Monday, January 18, 2021

Budget 2020: Chancellor announces changes to ESA and Universal Credit

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Chancellor Rishi Sunak has announced changes to Employment Support Allowance (ESA) and temporary reforms to Universal Credit to help claimants cope during the Coronavirus outbreak, worth an estimated half a million pounds.

The Chancellor told MPs: “We’ll make sure that our safety net remains strong enough to fall back on.

“My RHF the Prime Minister has already announced that Statutory Sick Pay will be paid from day one, rather than day four.

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“Today, with the assistance of My RHF, the Work and Pensions Secretary, I can go further.

Rishi Sunak photo
Photo by UK Prime Minister

“Statutory sick pay will also be available for all those who are advised to self-isolate – even if they haven’t yet presented with symptoms.

“And rather than having to go to the Doctors you will soon be able to obtain a sick note by contacting 111.

“But of course, not everyone is eligible for Statutory Sick Pay. There are millions of people working hard, who are self-employed or in the gig economy. They will need our help too.

“So to support them, during this period, we’ll make it quicker and easier to access benefits:

“Those on Contributory Employment and Support Allowance will be able to claim from day 1 instead of day 8.

“To make sure that time spent off work due to sickness is reflected in your benefits, I’m also temporarily removing the minimum income floor in Universal Credit;

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“And I’m relaxing the requirement for anyone to physically attend a jobcentre; everything can be done by phone or online.

“Taken together, these measures on ESA and Universal Credit, provide a boost of almost £0.5bn to our welfare system.

“To further support our people, I am also creating a £500m Hardship Fund, distributed to Local Authorities who will be able to use that fund to directly support vulnerable people in their local area.

“So, in total, that’s a £1bn commitment to support the financial security of our people.”

Responding to Chancellor’s Budget statement, David Samson, Welfare Benefit Specialist at Turn2us said: “One in five people in the UK live in poverty; and many of today’s Budget announcements go some way in acknowledging this.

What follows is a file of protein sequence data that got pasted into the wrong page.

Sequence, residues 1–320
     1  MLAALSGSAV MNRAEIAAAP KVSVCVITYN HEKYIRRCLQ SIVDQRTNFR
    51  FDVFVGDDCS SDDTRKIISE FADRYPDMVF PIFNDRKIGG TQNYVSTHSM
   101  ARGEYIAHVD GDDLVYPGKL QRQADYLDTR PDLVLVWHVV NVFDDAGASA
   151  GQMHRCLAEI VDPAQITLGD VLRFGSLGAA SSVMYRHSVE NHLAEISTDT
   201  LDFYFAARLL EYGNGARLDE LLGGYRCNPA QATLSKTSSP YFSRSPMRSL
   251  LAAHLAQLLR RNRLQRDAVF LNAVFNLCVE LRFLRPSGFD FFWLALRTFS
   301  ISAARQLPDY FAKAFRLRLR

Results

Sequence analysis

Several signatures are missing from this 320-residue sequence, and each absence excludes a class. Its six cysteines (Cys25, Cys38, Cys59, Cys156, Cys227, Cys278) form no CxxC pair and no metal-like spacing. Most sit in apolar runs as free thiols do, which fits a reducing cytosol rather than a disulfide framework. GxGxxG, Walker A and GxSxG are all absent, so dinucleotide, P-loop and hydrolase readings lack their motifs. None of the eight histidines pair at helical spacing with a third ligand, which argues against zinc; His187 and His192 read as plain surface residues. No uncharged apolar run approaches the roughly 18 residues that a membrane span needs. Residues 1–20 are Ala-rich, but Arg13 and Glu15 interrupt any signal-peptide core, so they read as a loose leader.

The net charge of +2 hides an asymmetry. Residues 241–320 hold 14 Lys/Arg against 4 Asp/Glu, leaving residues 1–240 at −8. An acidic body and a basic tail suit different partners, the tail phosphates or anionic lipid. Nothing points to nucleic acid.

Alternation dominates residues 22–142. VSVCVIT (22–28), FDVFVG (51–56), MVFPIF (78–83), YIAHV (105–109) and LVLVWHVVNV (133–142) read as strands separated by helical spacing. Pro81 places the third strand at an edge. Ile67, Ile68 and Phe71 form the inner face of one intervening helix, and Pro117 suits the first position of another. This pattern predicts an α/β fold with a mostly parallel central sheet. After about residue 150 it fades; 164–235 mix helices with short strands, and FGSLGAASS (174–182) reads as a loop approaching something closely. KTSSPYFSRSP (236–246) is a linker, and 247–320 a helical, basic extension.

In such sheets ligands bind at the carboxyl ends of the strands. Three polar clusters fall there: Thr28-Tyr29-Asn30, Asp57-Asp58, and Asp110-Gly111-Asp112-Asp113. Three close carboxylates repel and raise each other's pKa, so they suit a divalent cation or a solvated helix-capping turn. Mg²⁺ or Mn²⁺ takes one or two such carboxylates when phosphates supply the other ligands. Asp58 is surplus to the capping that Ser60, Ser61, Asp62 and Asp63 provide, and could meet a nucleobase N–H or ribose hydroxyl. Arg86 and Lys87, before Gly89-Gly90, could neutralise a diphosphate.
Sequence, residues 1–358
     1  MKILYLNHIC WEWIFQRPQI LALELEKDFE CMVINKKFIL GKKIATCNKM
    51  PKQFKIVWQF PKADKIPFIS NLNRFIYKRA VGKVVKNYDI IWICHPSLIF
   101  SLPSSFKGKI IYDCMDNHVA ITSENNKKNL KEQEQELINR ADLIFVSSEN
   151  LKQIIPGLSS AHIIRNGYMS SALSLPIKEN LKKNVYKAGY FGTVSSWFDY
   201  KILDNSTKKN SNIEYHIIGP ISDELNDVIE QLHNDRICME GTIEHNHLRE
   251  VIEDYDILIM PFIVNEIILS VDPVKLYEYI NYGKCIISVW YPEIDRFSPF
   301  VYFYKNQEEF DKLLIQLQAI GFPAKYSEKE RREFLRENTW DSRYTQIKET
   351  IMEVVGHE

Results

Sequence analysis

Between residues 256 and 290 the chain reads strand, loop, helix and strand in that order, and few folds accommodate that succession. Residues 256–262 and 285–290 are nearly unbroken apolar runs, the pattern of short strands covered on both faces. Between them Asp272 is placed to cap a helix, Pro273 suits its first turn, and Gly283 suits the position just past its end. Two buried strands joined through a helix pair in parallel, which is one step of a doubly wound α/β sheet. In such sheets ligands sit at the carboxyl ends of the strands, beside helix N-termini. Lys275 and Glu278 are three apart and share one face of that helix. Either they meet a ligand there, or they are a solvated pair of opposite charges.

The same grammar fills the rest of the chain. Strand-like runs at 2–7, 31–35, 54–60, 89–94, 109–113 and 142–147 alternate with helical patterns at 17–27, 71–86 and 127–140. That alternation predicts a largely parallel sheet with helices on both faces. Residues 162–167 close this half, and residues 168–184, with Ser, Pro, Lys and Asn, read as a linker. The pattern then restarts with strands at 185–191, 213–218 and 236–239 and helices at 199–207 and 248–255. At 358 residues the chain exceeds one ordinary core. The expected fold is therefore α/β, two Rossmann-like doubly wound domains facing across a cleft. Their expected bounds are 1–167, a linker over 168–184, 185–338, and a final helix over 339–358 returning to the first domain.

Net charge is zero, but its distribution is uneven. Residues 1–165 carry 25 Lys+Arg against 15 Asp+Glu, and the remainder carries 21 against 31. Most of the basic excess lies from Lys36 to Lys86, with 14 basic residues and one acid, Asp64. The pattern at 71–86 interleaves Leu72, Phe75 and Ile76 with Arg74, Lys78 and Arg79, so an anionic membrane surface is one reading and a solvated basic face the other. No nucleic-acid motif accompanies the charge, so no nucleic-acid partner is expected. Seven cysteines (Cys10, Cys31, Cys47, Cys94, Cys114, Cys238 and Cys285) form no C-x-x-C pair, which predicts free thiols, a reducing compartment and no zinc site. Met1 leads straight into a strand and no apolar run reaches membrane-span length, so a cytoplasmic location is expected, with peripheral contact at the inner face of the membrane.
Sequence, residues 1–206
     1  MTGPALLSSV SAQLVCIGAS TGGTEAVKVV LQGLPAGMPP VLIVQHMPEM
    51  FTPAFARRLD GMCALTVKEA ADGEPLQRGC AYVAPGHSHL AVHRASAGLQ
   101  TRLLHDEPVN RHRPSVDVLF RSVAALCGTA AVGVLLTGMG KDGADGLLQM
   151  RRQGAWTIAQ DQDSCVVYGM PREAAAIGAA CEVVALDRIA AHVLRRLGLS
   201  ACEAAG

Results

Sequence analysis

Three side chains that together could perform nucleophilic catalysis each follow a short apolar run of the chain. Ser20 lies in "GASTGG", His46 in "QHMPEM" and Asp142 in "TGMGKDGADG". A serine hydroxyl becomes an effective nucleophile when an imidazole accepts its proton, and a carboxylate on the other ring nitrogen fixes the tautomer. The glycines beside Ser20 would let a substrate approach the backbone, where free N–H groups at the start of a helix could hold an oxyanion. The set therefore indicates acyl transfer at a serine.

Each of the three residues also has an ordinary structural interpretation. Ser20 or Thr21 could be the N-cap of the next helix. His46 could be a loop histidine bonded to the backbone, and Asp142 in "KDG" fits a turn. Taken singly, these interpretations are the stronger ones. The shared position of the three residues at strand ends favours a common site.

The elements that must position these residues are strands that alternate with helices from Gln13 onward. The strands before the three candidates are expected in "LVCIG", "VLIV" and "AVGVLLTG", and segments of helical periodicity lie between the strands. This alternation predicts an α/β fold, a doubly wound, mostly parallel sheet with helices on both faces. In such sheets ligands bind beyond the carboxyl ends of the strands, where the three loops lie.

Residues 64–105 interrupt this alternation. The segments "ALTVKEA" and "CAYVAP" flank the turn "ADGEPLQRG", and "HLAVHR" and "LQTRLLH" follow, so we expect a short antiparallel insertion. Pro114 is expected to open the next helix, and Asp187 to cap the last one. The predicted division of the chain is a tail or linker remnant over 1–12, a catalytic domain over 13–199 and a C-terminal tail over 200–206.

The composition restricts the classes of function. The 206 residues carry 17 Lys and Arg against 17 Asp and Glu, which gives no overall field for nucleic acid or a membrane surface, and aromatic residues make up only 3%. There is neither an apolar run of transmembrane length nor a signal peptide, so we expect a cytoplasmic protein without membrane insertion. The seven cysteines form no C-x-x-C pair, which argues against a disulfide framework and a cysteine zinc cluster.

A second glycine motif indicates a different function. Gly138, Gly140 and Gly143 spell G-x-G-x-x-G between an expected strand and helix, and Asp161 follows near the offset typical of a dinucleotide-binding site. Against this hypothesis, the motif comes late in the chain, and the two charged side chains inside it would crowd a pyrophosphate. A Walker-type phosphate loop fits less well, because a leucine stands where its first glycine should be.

“We welcome policies to protect low income workers from missing out on pay due to coronavirus, increases in the national living wage and the abolishment of the tampon tax.

“However, if the government is serious about tackling inequality, it would have ended the five week wait for Universal Credit; restored the value of benefits with an above-inflation rise; and ensured all local authorities provide crisis support through local welfare assistance schemes as a matter of course.

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“These recommended policies would go much further to improve the day to day lives of people who don’t have enough money to live on; and are the practical steps they are asking for.

“We want to work with the Government to lift people out of poverty, strengthen our welfare safety net and enable all our communities to thrive.”

The SNP’s Westminster leader described the Chancellor’s Budget statement today as a “sticking plaster” that fails to reverse the decade of decline the Tory government has presided over.

“Far from reversing the brutal impact austerity has had on our society, the UK government is simply carrying on regardless,” he said.

“It failed to halt the roll-out of the flawed Universal Credit system, failed to scrap the cruel two-child limit and rape clause, failed to increase benefits above inflation and restore the lost value from the four-year freeze, and failed to fill the multi-billion black hole in Scotland’s budget by paying back £13.9 billion in cumulative Tory cuts since 2010.

“By every measure this was a Budget riddled with honeyed words and new slogans, but hollow on substance when it comes to working for hardworking families and individuals across the UK.”

The Chancellor’s full Budget 2020 speech can be found here.


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DWP faces judicial review after mentally ill man found ‘starved to death’

Errol Graham starved to death in June 2018 after the DWP stopped his benefits.